Origin of HorusClassical Latin from Classical Greek H?ros from Egyptian ?eru, hawk
The ancient Egyptian god of the sky, son of Osiris and Isis, represented as having the head of a falcon.
Origin of HorusLate Latin Hōrus from Greek Hōros from Egyptian hrw
OriginSee also: Hórus
From Late Latin Hōrus, from Ancient Greek Ὧρος (Horos), from Egyptian ḥr.
- The point of interest is that their diggings have shown that the Horus kings of Upper Egypt had under the " Scorpion King " (who is not the same person as Narmer or Narmerza, as we now must call him) extended their rule as far as the apex of the Delta, N.
- The god of Atha was a form of Horus (Apollo) as the sun-god; his most characteristic representation is as the disk of the sun with outspread wings, so often seen over the doors of shrines, at the top of stelae, &c. In the temple, where he is often figured as a falconheaded man, he is associated with Hathor of Dendera and the child Harsemteus.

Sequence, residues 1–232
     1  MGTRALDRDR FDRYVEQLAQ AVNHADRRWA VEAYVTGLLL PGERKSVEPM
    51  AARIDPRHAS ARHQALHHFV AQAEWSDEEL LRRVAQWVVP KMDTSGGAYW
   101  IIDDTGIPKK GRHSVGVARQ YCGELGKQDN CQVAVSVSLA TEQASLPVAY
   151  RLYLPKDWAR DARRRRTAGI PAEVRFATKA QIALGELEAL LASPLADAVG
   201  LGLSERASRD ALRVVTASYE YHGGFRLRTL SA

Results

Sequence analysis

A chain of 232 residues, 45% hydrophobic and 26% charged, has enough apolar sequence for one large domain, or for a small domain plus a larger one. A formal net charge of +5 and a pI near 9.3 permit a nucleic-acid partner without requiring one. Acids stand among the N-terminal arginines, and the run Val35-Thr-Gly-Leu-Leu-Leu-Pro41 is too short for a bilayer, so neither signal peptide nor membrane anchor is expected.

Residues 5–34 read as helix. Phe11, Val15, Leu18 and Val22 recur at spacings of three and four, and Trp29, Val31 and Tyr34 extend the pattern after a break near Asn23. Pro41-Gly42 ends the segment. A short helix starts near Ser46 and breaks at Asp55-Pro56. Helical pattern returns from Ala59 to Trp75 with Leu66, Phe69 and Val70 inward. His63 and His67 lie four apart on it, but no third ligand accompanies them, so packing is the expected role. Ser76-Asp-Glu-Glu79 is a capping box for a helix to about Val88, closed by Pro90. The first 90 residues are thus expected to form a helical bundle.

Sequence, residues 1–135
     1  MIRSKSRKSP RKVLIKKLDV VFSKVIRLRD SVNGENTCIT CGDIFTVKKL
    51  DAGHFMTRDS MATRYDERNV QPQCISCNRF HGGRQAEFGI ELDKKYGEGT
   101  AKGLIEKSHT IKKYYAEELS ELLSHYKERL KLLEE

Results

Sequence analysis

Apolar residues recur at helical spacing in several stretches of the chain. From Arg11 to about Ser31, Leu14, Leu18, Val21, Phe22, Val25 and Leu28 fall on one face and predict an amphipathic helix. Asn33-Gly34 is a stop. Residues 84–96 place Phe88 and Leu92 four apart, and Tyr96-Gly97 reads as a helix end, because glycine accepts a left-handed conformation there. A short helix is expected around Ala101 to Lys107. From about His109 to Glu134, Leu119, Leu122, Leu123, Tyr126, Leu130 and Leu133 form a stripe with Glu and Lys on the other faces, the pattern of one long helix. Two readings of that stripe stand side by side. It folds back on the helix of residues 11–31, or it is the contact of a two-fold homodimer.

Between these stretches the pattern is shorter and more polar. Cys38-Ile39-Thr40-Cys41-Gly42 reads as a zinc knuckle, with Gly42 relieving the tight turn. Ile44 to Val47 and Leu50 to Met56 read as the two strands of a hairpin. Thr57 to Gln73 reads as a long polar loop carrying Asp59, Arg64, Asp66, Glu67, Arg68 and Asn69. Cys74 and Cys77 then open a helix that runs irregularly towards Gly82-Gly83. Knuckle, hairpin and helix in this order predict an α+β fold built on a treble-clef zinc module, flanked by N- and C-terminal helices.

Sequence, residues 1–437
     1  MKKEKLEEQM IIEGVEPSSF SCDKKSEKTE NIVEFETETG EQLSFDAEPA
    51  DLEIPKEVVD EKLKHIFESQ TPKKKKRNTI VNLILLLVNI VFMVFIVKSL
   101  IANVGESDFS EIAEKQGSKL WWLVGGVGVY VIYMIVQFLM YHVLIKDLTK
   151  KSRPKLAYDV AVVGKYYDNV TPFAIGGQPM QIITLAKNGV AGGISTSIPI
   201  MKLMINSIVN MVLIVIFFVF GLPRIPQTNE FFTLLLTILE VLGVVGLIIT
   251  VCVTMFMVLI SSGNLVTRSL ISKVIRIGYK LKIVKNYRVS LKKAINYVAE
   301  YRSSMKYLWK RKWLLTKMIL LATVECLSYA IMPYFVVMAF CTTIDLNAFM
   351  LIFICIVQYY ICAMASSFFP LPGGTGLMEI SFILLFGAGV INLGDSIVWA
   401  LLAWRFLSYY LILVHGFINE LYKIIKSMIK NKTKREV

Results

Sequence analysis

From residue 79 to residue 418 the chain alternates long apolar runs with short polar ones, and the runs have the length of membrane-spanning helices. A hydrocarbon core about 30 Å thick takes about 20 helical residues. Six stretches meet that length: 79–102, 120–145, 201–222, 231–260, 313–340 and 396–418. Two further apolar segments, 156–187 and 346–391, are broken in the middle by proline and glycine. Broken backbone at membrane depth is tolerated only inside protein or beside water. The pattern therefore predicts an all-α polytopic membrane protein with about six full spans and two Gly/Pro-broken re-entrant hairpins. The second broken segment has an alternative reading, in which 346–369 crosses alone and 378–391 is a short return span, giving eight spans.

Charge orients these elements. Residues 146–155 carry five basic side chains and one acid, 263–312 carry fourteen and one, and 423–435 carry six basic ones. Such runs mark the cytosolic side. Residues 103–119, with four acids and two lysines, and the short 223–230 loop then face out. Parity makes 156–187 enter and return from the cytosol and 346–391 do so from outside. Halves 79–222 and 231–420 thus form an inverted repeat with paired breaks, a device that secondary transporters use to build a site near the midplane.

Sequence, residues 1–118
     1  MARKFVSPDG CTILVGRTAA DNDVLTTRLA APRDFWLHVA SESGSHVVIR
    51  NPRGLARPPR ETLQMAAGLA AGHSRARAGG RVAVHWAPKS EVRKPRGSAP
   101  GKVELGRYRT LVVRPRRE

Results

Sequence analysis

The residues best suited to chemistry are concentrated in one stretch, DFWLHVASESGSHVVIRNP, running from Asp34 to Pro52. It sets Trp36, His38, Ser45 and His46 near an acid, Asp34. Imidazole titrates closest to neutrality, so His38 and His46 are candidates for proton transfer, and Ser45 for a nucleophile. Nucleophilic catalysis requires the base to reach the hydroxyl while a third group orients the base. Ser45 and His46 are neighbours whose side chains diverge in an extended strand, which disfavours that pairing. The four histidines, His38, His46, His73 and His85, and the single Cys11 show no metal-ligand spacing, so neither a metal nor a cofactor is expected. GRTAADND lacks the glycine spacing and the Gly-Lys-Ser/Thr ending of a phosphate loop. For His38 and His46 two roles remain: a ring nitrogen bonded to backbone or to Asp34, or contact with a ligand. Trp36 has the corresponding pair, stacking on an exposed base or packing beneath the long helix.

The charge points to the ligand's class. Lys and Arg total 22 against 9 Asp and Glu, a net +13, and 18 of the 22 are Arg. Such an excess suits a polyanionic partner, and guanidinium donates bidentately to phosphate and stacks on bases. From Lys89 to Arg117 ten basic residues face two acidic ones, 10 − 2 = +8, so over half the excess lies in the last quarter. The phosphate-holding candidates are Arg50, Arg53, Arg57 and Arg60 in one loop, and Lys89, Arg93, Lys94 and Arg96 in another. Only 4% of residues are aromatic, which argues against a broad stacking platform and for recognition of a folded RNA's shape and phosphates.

- The ram Khnum in Elephautine, the jerboa or okapi (?) Seth in Ombos, the ibis Thoth in Hermopolis Magna, and of the gods named above, Horus in Hieraconpolis, Wepwawet in Assiut, Neith in Sais, and Mm in Coptos.
- Then while she was absent visiting her sop Horus he city of Buto, Seth once more gained possession of the se, cut it into fourteen pieces, and scattered them all over pt.
- When Horus grew ie set out to avenge his fathers murder, and after terrible ggles finally conquered and dispossessed his wicked uncle; is another version relates, the combatants were separated by th, and Egypt divided between them, the northern part ng to Horus and the southern to Seth.